Therefore, the position of the Ecumenical Patriarch is hardly surprising. What is of wonder however, is the Turkish government policy towards minorities of "one step forward, one step back", depending on the circumstances and political conjunctures. Precisely for this reason anti-conformist courageous groups voicing anti-conformist sentiments are on the increase in Turkey.

Trabzon, in the far north-east of Turkey, is inhabited by a population of almost 300 thousand inhabitants. Of these few are Christians. On 5 February 2006, Italian priest Andrea Santoro was murdered by a young nationalist Islamic.

(Photo: Nikos Manginas)



Matthew 19: 3 - 12
3 And Pharisees came up to him and tested him by asking, "Is it lawful to divorce one's wife for any cause?"
4 He answered, "Have you not read that he who made them from the beginning made them male and female,
5 and said, `For this reason a man shall leave his father and mother and be joined to his wife, and the two shall become one flesh'?
6 So they are no longer two but one flesh. What therefore God has joined together, let not man put asunder."
7 They said to him, "Why then did Moses command one to give a certificate of divorce, and to put her away?"
8 He said to them, "For your hardness of heart Moses allowed you to divorce your wives, but from the beginning it was not so.
9 And I say to you: whoever divorces his wife, except for unchastity, and marries another, commits adultery."
10 The disciples said to him, "If such is the case of a man with his wife, it is not expedient to marry."
11 But he said to them, "Not all men can receive this saying, but only those to whom it is given.
12 For there are eunuchs who have been so from birth, and there are eunuchs who have been made eunuchs by men, and there are eunuchs who have made themselves eunuchs for the sake of the kingdom of heaven. He who is able to receive this, let him receive it."


St. Hyacinth
Feast: August 17

Feast Day:
August 17
1185 at Lanka Castle, Kamin, Silesia, Poland
15 August 1257 at Krakow, Poland
17 April 1594 by Pope Clement VIII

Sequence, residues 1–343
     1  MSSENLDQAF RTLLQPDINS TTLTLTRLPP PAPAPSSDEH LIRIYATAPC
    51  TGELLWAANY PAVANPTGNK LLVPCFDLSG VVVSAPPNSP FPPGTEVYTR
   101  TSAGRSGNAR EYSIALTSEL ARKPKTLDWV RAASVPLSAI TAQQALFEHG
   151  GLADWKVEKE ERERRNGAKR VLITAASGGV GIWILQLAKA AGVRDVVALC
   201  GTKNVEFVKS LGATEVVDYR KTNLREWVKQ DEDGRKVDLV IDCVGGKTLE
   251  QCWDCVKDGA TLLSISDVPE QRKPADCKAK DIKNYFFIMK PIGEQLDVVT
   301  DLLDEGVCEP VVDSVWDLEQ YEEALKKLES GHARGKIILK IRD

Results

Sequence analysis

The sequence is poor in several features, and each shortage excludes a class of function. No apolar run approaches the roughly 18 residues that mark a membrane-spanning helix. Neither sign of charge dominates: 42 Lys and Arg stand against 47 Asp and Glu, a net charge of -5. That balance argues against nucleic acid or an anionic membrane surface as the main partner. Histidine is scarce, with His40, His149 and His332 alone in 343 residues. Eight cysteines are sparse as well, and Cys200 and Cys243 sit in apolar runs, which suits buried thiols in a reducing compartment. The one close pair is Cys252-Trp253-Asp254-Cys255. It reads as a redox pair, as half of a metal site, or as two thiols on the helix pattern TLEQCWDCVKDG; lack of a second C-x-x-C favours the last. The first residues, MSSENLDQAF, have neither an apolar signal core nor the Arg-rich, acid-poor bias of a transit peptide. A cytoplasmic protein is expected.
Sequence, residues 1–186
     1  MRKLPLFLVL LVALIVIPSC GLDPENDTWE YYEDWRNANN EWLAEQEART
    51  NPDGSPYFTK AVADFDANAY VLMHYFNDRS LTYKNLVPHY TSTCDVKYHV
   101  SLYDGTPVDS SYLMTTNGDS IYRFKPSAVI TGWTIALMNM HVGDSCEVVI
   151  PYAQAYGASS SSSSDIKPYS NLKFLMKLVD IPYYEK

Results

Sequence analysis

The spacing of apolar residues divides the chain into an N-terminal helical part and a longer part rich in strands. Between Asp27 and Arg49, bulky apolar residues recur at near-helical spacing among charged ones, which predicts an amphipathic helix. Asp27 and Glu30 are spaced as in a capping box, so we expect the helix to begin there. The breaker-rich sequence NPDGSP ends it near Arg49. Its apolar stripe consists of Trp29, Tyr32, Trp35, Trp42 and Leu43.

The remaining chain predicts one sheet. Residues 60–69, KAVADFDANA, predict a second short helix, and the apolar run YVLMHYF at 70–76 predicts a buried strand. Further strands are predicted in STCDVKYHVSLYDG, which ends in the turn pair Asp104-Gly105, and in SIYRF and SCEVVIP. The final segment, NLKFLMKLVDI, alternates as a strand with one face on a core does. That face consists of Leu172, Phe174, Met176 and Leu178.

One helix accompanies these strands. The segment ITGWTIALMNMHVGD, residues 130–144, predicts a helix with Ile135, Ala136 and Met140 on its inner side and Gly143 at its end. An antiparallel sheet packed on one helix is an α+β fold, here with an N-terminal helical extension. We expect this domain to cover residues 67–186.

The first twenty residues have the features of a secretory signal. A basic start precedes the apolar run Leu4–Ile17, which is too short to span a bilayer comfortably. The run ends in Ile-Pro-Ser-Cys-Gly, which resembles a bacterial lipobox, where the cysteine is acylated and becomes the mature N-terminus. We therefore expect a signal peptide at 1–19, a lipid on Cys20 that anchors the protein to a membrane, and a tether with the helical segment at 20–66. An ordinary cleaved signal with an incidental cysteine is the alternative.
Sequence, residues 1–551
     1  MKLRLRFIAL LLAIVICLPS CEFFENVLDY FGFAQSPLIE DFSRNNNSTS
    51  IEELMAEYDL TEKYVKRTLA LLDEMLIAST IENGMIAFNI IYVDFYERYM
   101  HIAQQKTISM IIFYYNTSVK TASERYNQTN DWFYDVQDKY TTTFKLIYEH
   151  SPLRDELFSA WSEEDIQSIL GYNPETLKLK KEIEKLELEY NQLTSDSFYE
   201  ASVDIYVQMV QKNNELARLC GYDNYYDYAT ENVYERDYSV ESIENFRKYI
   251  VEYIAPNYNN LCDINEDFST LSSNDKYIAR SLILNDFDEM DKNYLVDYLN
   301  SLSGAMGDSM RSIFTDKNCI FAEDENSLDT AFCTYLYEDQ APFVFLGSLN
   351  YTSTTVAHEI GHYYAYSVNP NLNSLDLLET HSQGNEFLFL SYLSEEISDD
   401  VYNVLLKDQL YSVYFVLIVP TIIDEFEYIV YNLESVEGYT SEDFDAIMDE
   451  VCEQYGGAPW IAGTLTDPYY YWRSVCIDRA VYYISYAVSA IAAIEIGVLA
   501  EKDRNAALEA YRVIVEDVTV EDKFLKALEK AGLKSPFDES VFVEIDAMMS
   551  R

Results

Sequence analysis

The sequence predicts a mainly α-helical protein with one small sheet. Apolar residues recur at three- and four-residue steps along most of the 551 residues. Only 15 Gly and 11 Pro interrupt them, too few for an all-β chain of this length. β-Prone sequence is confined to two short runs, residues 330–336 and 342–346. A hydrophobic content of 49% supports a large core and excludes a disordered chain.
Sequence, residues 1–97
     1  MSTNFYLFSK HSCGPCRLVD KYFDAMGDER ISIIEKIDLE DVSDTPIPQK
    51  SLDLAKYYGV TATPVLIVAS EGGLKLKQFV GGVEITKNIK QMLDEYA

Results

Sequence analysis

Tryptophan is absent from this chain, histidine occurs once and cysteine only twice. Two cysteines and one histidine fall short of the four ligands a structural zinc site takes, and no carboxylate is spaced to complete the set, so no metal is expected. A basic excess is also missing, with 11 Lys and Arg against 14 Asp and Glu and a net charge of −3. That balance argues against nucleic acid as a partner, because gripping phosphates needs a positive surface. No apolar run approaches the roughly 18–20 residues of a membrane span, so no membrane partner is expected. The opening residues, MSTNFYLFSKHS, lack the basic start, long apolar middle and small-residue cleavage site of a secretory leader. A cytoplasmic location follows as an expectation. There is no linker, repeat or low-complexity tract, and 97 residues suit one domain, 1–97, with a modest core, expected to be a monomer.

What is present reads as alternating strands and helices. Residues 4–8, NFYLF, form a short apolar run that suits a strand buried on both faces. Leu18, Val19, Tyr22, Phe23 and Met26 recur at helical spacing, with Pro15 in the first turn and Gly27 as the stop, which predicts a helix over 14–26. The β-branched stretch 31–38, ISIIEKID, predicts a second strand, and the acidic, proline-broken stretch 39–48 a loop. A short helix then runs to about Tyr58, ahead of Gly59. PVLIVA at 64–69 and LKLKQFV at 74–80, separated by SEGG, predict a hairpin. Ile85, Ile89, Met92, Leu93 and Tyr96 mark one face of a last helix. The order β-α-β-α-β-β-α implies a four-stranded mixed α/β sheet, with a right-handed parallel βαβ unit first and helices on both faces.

Patron of:
Dominican, called the Apostle of the North, son of Eustachius Konski of the noble family of Odrowaz; born 1185 at the castle of Lanka, at Kamin, in Silesia, Poland (now Prussia); died 15 August, 1257, at Cracow. Feast, 16 Aug. A near relative of Saint Ceslaus, he made his studies at Cracow, Prague, and Bologna, and at the latter place merited the title of Doctor of Law and Divinity. On his return to Poland he was given a prebend at Sandomir. He subsequently accompanied his uncle Ivo Konski, the Bishop of Cracow, to Rome, where he met St. Dominic, and was one of the first to receive at his hands (at Santa Sabina, 1220) the habit of the newly established Order of Friars Preachers. After his novitiate he made his religious profession, and was made superior of the little band of missionaries sent to Poland to preach. On the way he was able to establish a convent of his order at Friesach in Carinthia. In Poland the new preachers were favourably received and their sermons were productive of much good. Hyacinth founded communities at Sandomir, Cracow, and at Plocko on the Vistula in Moravia. He extended his missionary work through Prussia, Pomerania, and Lithuania; then crossing the Baltic Sea he preached in Denmark, Sweden, and Norway. He came into Lower or Red Russia, establishing a community at Lemberg and at Haletz on the Mester; proceeded into Muscovy, and founded a convent at Dieff, and came as far as the shores of the Black Sea. He then returned to Cracow, which he had made the centre of his operations. On the morning of 15 August he attended Matins and Mass, received the last sacraments, and died a saintly death. God glorified His servant by numberless miracles, the record of which fills many folio pages of the Acta SS., August, III, 309. He was canonized by Pope Clement VIII in 1594. A portion of his relics is at the Dominican church in Paris.